Random Thursday: Random Awesome

Random Thursday (ˈrandəm ˈTHərzdā): the day on which Sarah plunks down all the odd bits and pieces she’s been sent by friends or has otherwise stumbled upon this week in an effort to avoid writing a real post, the assembly of which usually ends up taking twice as much time as sitting down and creating actual content

The only thing this stuff has in common is that it made me go, “Whoa!”

Join me?


 Need a Birthday Cake for a Hoopy Frood?

Don’t panic.


Unless you don’t know what a hoopy frood is, or why towels are important.

Then you can panic a little, until you can get to a library or bookstore and ask where they’re keeping the Douglas Adams books.

Read. Enjoy. Repeat.

You can thank me with cake.

(Thanks, caitlin!)


One Does Not Simply Listen . . .


Can you imagine the roadies for this group?

“Thou shall not (without a backstage) pass!”

(Thanks, Kev! Force liquids,* dude—you’ll make it.)


Have the Holiday Blues?

Have 49 seconds of mongooses playing in a ballpit.

You’re welcome.

(Thanks, Watson—this was timely, believe me!)


Physics Pwn

Schrodinger gets pawnd

Hairballs may not have mass, but they do have squish . . .

(Thanks, Paula!)


Have Yourself a Minor Little Christmas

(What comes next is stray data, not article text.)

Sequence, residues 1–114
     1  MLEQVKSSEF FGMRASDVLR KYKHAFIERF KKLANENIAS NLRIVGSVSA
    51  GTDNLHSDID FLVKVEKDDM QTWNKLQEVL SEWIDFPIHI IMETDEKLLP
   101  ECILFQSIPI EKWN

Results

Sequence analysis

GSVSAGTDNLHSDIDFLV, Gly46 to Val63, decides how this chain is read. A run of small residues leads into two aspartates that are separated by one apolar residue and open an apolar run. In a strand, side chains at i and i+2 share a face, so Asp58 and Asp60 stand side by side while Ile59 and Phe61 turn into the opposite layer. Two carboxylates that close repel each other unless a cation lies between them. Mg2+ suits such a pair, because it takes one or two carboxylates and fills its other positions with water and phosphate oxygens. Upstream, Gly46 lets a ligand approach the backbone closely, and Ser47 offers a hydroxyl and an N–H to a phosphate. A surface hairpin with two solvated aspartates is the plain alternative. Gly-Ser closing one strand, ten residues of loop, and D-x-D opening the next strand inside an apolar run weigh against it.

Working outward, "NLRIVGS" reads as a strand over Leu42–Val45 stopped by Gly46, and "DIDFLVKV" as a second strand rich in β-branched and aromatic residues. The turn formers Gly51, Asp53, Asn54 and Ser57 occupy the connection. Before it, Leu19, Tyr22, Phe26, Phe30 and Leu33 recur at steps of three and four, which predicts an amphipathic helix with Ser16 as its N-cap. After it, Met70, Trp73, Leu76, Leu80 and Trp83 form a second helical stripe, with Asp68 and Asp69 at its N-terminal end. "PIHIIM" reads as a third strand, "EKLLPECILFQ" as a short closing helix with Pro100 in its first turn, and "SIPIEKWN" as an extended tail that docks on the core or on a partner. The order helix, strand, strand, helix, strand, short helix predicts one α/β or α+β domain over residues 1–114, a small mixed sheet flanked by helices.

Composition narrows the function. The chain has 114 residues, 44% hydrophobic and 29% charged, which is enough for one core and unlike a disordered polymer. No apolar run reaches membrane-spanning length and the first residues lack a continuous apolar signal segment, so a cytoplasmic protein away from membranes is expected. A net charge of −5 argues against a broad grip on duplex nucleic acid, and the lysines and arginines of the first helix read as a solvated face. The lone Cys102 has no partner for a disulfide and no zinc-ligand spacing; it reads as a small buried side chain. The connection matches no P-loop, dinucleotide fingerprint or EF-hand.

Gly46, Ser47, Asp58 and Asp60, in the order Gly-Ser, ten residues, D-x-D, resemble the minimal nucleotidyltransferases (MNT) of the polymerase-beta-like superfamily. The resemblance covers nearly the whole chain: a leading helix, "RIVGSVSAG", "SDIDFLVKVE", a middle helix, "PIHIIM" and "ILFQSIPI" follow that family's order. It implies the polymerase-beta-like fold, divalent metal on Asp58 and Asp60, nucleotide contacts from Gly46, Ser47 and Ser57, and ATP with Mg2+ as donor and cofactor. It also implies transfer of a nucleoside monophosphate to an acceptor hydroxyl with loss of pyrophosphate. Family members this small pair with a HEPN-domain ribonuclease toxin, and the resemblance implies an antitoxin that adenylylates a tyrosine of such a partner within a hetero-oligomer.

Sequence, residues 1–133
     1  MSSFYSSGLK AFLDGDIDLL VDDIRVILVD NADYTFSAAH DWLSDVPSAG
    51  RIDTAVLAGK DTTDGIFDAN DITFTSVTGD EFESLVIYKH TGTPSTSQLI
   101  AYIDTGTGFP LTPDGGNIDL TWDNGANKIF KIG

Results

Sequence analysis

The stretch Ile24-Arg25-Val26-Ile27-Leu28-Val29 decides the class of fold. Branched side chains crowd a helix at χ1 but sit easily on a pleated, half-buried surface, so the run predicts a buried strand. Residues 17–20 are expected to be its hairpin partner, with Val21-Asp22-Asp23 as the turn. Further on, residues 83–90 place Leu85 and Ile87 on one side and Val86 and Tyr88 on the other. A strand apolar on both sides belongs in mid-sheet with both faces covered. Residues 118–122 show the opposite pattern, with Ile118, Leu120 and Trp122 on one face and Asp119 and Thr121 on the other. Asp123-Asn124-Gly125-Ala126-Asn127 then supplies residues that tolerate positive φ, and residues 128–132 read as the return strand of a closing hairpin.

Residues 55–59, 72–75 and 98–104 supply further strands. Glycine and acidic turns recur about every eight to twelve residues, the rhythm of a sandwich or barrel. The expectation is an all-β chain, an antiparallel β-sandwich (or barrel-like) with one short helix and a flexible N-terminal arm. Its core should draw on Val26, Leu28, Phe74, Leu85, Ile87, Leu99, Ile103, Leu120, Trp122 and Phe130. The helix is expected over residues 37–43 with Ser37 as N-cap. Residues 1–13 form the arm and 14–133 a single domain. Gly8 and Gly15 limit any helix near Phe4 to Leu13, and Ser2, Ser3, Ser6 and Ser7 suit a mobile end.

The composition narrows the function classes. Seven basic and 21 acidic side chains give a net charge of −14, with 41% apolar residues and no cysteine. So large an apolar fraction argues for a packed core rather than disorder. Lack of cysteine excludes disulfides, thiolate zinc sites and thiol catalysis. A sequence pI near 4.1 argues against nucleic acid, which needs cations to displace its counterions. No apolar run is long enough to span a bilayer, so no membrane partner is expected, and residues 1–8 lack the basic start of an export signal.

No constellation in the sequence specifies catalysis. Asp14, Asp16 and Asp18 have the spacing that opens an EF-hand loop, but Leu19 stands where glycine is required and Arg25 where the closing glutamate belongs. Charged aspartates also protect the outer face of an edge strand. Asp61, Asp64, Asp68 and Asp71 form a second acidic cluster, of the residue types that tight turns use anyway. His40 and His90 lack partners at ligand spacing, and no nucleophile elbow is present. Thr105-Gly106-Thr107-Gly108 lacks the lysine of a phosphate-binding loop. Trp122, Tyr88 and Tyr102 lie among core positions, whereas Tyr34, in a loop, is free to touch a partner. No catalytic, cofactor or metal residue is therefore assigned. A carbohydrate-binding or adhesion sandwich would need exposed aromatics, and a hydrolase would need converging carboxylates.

Chase Holfelder likes to arrange well-known songs in major keys to minor keys.
He’s really good at it.
I think I like this one better than the original, which I find a bit wistful, anyway.  The minor key just makes the tune fit.
*And by  “liquids”, I don’t mean “bourbon”.  It’s “feed a fever”, not “get it drunk and hope the hangover kills it.”  Sorry.

When Sally-Anne met Sunny-Jane

Whenever I want to have my worldview adjusted in weird ways without going offline, I turn Michael Steven’s Vsauce Channel, which is dedicated to turning its viewers’ brains inside out.

The other day, I was watching a Vsauce video called “Is Your Red the Same as My Red?” which starts out with the idea that we may never know if the color each of us was taught to call red is the same color everyone else was taught to call red, and moves into the idea that animals, even higher primates, don’t appear to have a Theory of Mind—an understanding that other beings have separate minds and may have knowledge that differs from one’s own.

Apparently, we know that primates don’t have a Theory of Mind because even the ones who have learned to communicate with us, through sign language, never ask questions about what humans might know that apes don’t.  They assume that their knowledge base is ours.

And up until the age or four or so, human beings don’t have a Theory of Mind, either.